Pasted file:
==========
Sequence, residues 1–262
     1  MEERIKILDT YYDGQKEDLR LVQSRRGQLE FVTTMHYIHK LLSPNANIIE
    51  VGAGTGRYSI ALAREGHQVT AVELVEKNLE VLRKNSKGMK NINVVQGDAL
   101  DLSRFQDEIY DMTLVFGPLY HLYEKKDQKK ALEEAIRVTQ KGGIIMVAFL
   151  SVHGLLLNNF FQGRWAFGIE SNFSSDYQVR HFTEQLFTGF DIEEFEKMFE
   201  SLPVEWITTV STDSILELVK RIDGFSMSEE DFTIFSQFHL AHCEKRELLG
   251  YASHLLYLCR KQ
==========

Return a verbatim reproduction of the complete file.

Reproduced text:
Sequence, residues 1–262
     1  MEERIKILDT YYDGQKEDLR LVQSRRGQLE FVTTMHYIHK LLSPNANIIE
    51  VGAGTGRYSI ALAREGHQVT AVELVEKNLE VLRKNSKGMK NINVVQGDAL
   101  DLSRFQDEIY DMTLVFGPLY HLYEKKDQKK ALEEAIRVTQ KGGIIMVAFL
   151  SVHGLLLNNF FQGRWAFGIE SNFSSDYQVR HFTEQLFTGF DIEEFEKMFE
   201  SLPVEWITTV STDSILELVK RIDGFSMSEE DFTIFSQFHL AHCEKRELLG
   251  YASHLLYLCR KQ